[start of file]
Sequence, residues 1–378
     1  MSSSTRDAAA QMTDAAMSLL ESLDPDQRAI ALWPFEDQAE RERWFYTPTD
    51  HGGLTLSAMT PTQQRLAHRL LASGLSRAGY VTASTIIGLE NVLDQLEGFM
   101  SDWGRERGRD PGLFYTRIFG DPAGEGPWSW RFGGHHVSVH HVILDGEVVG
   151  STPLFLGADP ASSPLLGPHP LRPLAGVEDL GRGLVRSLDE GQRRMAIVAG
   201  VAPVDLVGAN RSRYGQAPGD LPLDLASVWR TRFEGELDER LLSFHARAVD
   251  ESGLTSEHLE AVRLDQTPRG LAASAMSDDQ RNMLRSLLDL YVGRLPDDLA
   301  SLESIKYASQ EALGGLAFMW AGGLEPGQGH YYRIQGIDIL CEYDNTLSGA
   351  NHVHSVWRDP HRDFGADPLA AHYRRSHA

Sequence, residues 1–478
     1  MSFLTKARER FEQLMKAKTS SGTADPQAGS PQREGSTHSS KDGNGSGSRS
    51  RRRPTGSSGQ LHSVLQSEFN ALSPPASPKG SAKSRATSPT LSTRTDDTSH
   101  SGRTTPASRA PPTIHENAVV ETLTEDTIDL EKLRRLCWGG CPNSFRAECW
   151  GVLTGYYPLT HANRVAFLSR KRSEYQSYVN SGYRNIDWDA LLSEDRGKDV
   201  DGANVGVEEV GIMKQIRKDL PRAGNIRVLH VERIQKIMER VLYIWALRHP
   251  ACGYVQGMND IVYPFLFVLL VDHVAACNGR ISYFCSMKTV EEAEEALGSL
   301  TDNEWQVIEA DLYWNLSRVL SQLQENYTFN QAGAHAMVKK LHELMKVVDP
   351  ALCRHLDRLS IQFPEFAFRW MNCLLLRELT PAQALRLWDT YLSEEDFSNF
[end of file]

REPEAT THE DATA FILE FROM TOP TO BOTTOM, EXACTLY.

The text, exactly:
Sequence, residues 1–378
     1  MSSSTRDAAA QMTDAAMSLL ESLDPDQRAI ALWPFEDQAE RERWFYTPTD
    51  HGGLTLSAMT PTQQRLAHRL LASGLSRAGY VTASTIIGLE NVLDQLEGFM
   101  SDWGRERGRD PGLFYTRIFG DPAGEGPWSW RFGGHHVSVH HVILDGEVVG
   151  STPLFLGADP ASSPLLGPHP LRPLAGVEDL GRGLVRSLDE GQRRMAIVAG
   201  VAPVDLVGAN RSRYGQAPGD LPLDLASVWR TRFEGELDER LLSFHARAVD
   251  ESGLTSEHLE AVRLDQTPRG LAASAMSDDQ RNMLRSLLDL YVGRLPDDLA
   301  SLESIKYASQ EALGGLAFMW AGGLEPGQGH YYRIQGIDIL CEYDNTLSGA
   351  NHVHSVWRDP HRDFGADPLA AHYRRSHA

Sequence, residues 1–478
     1  MSFLTKARER FEQLMKAKTS SGTADPQAGS PQREGSTHSS KDGNGSGSRS
    51  RRRPTGSSGQ LHSVLQSEFN ALSPPASPKG SAKSRATSPT LSTRTDDTSH
   101  SGRTTPASRA PPTIHENAVV ETLTEDTIDL EKLRRLCWGG CPNSFRAECW
   151  GVLTGYYPLT HANRVAFLSR KRSEYQSYVN SGYRNIDWDA LLSEDRGKDV
   201  DGANVGVEEV GIMKQIRKDL PRAGNIRVLH VERIQKIMER VLYIWALRHP
   251  ACGYVQGMND IVYPFLFVLL VDHVAACNGR ISYFCSMKTV EEAEEALGSL
   301  TDNEWQVIEA DLYWNLSRVL SQLQENYTFN QAGAHAMVKK LHELMKVVDP
   351  ALCRHLDRLS IQFPEFAFRW MNCLLLRELT PAQALRLWDT YLSEEDFSNF